NIGERIA: Bloody week in the Niger Delta

 Rebel faction standing guard in Okoronta village in the Niger Delta, July 2004
Rebel faction standing guard in Okoronta village in the Niger Delta, July 2004

PORT HARCOURT, 19 September 2008 (IRIN) – Even by the usual violent standards of Nigeria’s conflict-ridden, oil-rich southern Niger Delta region, it has been a bloody seven days, with dozens of civilian casualties and many more wounded or displaced, according to local observers, in clashes in Rivers state between the military and rebel fighters.

The clashes – reportedly the heaviest in two years in the region – were sparked on 13 September when government security forces allegedly razed the villages of Soku, Kula, and Tombia, in Rivers state while looking for Farah Dagogo, a member of rebel group Movement for the Emancipation of the Niger Delta (MEND).

Civilians caught in crossfire

“I got distress calls from the affected areas saying two of the villages had been razed to the ground, and there was an urgent need for medical teams to go there, but it was not possible for us to go.” said Chika Onah with the Nigerian Red Cross (NRC) in Port Harcourt.

Ongoing insecurity has cut off access to parts of Rivers state, making it hard for disaster workers to count how many of the estimated 20,000 inhabitants in the three towns have fled, according to NRC.

Nevertheless, Onah told IRIN civilian casualties are high. “There is no way the civilian population will not suffer in this kind of attack.”

Local human rights workers told IRIN they were caught in helicopter and boat gunfire. Sofiri Joad Peterside, a human rights campaigner in the Delta told IRIN, “These were aerial strikes without clear targets. What we are calling for right now is an independent assessor to determine the extent of civilian vulnerability to all these strikes.”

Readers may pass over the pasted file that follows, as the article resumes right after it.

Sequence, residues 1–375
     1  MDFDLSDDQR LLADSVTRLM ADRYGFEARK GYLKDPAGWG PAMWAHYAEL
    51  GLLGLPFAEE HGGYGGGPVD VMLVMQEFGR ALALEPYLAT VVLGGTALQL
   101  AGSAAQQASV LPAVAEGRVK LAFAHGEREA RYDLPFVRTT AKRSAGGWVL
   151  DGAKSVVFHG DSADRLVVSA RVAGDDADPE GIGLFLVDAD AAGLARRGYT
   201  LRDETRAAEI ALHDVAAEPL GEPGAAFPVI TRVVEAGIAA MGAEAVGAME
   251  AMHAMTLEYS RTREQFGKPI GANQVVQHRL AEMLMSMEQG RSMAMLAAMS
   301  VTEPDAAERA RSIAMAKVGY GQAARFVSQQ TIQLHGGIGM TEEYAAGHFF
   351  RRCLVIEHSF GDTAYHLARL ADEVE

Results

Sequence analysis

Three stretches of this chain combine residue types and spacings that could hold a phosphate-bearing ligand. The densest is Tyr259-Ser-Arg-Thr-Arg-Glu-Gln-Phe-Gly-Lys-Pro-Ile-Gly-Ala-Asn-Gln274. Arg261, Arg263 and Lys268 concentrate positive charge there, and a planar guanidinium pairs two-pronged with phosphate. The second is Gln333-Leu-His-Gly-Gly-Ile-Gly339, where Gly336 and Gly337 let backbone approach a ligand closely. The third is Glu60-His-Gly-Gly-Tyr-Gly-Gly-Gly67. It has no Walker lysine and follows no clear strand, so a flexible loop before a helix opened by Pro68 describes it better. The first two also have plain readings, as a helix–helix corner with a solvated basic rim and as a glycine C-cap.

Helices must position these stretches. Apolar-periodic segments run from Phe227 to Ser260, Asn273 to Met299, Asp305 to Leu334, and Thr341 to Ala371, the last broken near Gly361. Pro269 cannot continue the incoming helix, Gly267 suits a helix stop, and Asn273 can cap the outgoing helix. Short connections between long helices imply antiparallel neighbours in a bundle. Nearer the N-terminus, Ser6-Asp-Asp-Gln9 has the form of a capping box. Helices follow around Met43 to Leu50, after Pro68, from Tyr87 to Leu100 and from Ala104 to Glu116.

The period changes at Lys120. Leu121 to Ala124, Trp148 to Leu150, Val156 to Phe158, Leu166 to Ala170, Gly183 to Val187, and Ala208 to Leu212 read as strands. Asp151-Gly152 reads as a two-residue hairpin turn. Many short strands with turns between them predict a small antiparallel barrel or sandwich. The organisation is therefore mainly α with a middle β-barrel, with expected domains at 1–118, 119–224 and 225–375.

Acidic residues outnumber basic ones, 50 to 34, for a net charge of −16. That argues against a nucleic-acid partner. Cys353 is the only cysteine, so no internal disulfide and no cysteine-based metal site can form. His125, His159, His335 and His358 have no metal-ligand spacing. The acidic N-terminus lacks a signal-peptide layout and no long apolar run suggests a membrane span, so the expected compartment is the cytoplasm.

He said the violence hit civilians directly. “The centre of the violence was full of civilians. We live in riverine areas and in every riverine area, you have a forest where people go to pick seafood, and you have a community.”

But Nigerian army spokesman, Emeka Onwuamaegbu, said the military did not carry out a full-scale offensive.  “We are applying minimum force in tackling the situation…we cannot go all out to kill our own people. Can we?”

Surge in violence

On 14 September, MEND declared war against foreign-owned oil companies working in the Delta, pledging to destroy oil pipelines and  flow stations, and warning companies to evacuate their staff and stop pumping. MEND claims five attacks since its oil war threat.

Rebels have escalated attacks in recent months against oil production spots, according to locals who do not want to reveal their identities because of the region’s volatility.

A government effort to reign in oil smuggling by shutting down 200 illegal oil refineries in the past two months has sparked more fighting, according to the governmental Joint Military Task Force.

The Niger Delta, 70,000 kilometres of mostly wetlands, is home to some 20 million people who sit atop more than 30 billion barrels of top grade crude oil, according to the Nigerian National Petroleum Corporation.

David Hecht/IRIN
Oil company sign near Port Harcourt in the Niger Delta region. Photo: David Hecht/IRIN